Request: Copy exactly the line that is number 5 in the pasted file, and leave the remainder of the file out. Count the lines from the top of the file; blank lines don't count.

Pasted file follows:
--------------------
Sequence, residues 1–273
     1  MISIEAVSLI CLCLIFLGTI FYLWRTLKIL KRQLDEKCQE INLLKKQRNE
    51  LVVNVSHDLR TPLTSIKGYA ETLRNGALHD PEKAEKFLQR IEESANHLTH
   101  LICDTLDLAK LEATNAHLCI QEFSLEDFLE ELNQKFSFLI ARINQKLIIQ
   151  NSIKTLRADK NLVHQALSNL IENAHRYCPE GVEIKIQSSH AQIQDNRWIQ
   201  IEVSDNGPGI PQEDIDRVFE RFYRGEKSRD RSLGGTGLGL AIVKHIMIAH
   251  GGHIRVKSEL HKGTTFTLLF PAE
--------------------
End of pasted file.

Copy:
   151  NSIKTLRADK NLVHQALSNL IENAHRYCPE GVEIKIQSSH AQIQDNRWIQ